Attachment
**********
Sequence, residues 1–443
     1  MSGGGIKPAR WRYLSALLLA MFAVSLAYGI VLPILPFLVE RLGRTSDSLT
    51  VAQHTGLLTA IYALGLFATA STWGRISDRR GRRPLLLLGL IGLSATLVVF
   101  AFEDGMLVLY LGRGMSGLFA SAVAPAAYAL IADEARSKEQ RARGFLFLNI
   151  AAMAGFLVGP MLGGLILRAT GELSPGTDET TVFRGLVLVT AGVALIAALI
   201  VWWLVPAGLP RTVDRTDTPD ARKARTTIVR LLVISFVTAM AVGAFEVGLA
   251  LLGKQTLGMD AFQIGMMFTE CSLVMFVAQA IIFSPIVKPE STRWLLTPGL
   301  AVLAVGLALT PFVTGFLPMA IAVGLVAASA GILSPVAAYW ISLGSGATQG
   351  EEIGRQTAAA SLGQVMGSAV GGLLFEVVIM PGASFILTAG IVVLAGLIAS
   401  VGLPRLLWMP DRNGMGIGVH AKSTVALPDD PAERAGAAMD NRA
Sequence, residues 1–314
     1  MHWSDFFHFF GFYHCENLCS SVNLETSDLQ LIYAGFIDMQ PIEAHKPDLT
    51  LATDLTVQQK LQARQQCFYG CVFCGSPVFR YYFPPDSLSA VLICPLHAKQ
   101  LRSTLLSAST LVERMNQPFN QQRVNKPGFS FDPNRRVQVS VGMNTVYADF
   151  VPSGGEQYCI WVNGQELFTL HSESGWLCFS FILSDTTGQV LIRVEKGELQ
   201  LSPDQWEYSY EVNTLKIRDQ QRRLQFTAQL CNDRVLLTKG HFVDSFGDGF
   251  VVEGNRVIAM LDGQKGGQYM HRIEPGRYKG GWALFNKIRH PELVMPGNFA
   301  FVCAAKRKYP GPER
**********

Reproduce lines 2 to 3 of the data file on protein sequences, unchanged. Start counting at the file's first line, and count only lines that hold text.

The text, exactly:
     1  MSGGGIKPAR WRYLSALLLA MFAVSLAYGI VLPILPFLVE RLGRTSDSLT
    51  VAQHTGLLTA IYALGLFATA STWGRISDRR GRRPLLLLGL IGLSATLVVF